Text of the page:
Yes you need to have a developer good enough to code a system almost single-handedly, and overall smarts and development knowledge is definitely a critical advantage of the valley startups.

The rest is maybe just not being afraid of building your own software!

Tyler Cowen on Big Business

My guest for this episode is Tyler Cowen (episode page), professor of economics at George Mason University, blogger at MarginalRevolution.com host of the Conversations with Tyler podcast and author of numerous books, the most recent of which is Big Business: a love letter to an American Anti-Hero, which we cover in the show. 

In the book, Tyler convincingly makes the case the big businesses are actually quite good for society and us individually. One reading of the book that we dig into is that the virtuous big business is a very American institution. Crony capitalism, state champions, these are not the kinds of engines of innovation and intangible capital that a more true market economy only can produce. Here is the bit from the interview:

David Wright: You’re bringing it up pretty succinctly there, but that was my second reading of the book, which is this very American book. And that’s depressing where it seems to me, if you’re anywhere else in the world, and we can talk about China in a second, you’re thinking to yourself, well, that’s great, that big business is good. But what does that going to be for me? Like what does that mean for me in Switzerland or Poland or Ghana or something. It’s depressing.

Tyler Cowen: It’s a very patriotic book. That’s one of the Straussian readings. Maybe is even thumbing its nose a bit at foreigners, but I think an implied message is be friendlier to your multinational enterprises. They can do a great deal for your nation as they have done in many countries around the world, most obviously Singapore, but much of East Asia, including parts of China and not embrace this. India is the country that probably needs that lesson more than any other. They’re one of the most hostile to outside business, including American big business.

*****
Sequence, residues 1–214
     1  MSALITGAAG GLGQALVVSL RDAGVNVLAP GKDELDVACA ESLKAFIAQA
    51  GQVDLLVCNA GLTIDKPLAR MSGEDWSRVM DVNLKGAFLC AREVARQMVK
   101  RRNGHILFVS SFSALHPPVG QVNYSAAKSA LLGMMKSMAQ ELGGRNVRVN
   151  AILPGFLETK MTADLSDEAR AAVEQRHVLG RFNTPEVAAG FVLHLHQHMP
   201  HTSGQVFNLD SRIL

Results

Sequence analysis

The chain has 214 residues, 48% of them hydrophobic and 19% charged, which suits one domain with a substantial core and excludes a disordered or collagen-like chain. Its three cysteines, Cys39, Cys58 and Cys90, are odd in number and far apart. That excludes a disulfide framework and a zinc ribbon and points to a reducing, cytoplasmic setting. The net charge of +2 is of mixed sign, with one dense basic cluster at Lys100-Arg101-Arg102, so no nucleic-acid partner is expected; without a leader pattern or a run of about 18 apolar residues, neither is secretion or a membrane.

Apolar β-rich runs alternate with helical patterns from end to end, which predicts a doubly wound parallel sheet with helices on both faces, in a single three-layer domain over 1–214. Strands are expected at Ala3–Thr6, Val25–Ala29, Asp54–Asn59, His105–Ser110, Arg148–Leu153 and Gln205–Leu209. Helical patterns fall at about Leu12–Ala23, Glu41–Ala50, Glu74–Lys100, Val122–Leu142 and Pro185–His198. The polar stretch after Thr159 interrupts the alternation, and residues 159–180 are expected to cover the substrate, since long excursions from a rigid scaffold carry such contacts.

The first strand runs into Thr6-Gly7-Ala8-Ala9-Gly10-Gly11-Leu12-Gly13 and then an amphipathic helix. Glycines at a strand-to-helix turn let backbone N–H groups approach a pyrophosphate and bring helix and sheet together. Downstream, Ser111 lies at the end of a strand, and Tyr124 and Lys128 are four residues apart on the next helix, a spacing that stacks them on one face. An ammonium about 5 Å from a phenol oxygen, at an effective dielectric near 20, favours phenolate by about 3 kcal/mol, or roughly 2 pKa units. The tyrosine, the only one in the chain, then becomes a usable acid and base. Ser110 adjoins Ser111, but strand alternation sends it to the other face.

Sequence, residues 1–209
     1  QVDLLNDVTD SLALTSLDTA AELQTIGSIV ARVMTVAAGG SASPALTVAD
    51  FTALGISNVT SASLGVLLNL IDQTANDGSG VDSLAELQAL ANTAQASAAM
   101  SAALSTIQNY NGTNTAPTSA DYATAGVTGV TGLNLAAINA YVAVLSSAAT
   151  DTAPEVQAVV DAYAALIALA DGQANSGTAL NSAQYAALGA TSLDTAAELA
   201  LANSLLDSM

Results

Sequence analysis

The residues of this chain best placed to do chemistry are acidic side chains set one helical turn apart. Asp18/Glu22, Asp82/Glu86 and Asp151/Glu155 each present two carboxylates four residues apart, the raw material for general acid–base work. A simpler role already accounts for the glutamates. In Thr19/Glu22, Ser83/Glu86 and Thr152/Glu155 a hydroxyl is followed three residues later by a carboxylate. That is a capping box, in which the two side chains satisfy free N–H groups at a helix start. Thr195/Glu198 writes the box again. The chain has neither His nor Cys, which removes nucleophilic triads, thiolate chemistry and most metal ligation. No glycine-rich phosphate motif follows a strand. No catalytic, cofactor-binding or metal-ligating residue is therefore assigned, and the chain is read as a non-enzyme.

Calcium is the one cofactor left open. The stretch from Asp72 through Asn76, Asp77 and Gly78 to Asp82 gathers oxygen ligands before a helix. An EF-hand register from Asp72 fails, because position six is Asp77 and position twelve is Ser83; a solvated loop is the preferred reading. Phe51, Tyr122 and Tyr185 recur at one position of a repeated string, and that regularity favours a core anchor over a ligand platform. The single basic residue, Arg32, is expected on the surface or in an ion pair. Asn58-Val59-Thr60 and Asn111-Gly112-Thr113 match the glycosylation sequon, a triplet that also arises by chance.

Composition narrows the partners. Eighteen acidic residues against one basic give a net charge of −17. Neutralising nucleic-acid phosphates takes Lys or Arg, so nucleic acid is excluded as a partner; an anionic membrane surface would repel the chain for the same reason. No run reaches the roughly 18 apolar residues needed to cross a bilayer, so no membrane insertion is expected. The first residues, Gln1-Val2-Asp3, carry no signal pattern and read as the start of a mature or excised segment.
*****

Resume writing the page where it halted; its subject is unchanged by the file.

Here is another bit on how the mission-driven culture of startups (the best of whom become the best of the big businesses!) might stem from societal inequality!

David Wright: It feels to me maybe that that is changing a bit. I don’t know why I think that maybe I’m just becoming more aware of it as I get older, but I wonder how much business was mission-driven in the past? Any sense of that?

Tyler Cowen: There was a phenomenally strong sense of ethical mission in American businesses, especially in the Midwest throughout the 20th century. It was very modest. It wasn’t always trumpeted. There, of course, was not any internet, but it was deeply internalized and very strongly felt and they propelled this country to many great achievements. But I think this renewed sense of mission for employees, it stems from income inequality, oddly enough. So, income inequality for labor is a sign that talent is quite scarce for whatever reason. And when talent is scarce, for one thing, talent’s already earning a lot of money, and they want something other than money and it’s hard to attract people. So, you build a mission into the enterprise. I think there’s a lot of cases where businesses may start approaching mission somewhat even cynically like, oh, we just want to make more money. But over time they do it. They start believing it. It becomes sincere. It’s a kind of artificially manufactured true sincerity and the final equilibrium.

We cover so much more ground, including:

  • Where businesses fit into the social intuition of the human mind
  • Similarities between how we treat famous people and big business and what another of Tyler’s books, *What Price Fame* can teach us about big business
  • What is good management and what effects does management have on employees?
  • How the book is an American book and how it is NOT a Chinese book
  • Crony capitalism doesn’t exist here, but where might it exist in the world?
  • Wall Street and Financial Dark Matter
  • How Tyler views the firm differently from most economists

Thanks for listening!

Melissa Perri on Escaping The Software Build Trap

Melissa Perri (youtubeepisode page) lives at the cutting edge of software process design and runs a consultancy devoted to building great product leaders. This of course applies to non-software products but the day is approaching when there is no such thing as a non-software product. Listen to this episode and continue on your journey to being a better producer of software, either as a coder or as an enabler of the programmers that build the products your company sells!